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Does Migrant Background Matter for Adolescents’ Fertility Preferences? The Latin American 1.5 Generation in Spain

This article examines the fertility preferences of Latin American adolescents of the 1.5 generation and their native peers in Spain. We compare their expected age at first birth as well as their expected family size. The fertility preferences of the 1.5 generation are likely to reflect the family va... Full description

Main Author: Kraus, K.
Contributors: Castro-Martín, Teresa | Author
Contained in: European Journal of Population Dordrecht [u.a.] : Springer Science + Business Media B.V Vol. 34, No. 3 (2018), p. 277-312
Journal Title: European Journal of Population
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Links: Volltext (dx.doi.org)
ISSN: 1572-9885
Additional Keywords: 1.5 Generation
Adaptation
Adolescents
Child migrants
Fertility preferences
OriginalPaper
Socialization
Spain
DOI: 10.1007/s10680-017-9427-3
Language: English
Physical Description: Online-Ressource
ID (e.g. DOI, URN): 10.1007/s10680-017-9427-3
s10680-017-9427-3
PPN (Catalogue-ID): SPR06254747X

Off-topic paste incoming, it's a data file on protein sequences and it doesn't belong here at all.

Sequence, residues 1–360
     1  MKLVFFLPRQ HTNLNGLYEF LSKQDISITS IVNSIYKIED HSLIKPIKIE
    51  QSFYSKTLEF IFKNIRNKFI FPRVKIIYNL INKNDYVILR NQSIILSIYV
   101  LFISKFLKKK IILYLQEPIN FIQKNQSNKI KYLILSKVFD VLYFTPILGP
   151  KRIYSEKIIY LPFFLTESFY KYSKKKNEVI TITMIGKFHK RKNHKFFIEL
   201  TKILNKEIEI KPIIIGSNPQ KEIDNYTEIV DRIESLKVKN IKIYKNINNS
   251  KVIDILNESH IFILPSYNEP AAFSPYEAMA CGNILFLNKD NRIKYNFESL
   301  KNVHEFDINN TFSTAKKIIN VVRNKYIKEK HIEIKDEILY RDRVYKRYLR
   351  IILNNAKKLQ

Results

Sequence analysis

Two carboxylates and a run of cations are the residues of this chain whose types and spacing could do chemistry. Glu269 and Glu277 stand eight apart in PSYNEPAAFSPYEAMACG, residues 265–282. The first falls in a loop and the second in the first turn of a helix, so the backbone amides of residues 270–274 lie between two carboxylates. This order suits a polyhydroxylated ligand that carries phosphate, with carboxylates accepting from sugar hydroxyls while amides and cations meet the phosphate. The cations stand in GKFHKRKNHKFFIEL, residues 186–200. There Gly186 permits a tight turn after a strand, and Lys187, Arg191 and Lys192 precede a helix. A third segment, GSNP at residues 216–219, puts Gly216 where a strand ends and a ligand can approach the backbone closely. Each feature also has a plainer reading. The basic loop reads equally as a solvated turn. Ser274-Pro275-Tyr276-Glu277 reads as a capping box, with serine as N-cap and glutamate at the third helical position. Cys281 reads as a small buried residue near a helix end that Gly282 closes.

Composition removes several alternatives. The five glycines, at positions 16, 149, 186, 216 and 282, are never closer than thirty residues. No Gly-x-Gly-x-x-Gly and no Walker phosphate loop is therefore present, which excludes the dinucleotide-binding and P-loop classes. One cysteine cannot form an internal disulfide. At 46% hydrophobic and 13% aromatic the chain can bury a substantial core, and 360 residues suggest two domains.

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520 |a This article examines the fertility preferences of Latin American adolescents of the 1.5 generation and their native peers in Spain. We compare their expected age at first birth as well as their expected family size. The fertility preferences of the 1.5 generation are likely to reflect the family values of two different socialization environments as well as the adaptation process to the childbearing norms of the host society. The analysis is based on the Chances Survey, which collected data from 2700 adolescents in secondary schools in Madrid in 2011. Results indicate that fertility timing preferences of Latin American adolescents reflect socialization influences from the society of origin, but also a quick adaptation to the childbearing norms in the host society, since their expected age at first birth is somewhat earlier than that of their Spanish peers but considerably later than that prevailing in their country of origin. The degree of social integration, measured by the number of the respondent’s best friends who were Spanish, seems more important than age at migration for diminishing the gap between Latin Americans and Spaniards. Moreover, higher educational expectations are associated with preferences for postponed entry into parenthood. With regard to family size expectations, we find no significant variation between adolescents of migrant and native origin, confirming the argument that the "two-child norm” currently prevails in both middle- and high-income countries. 
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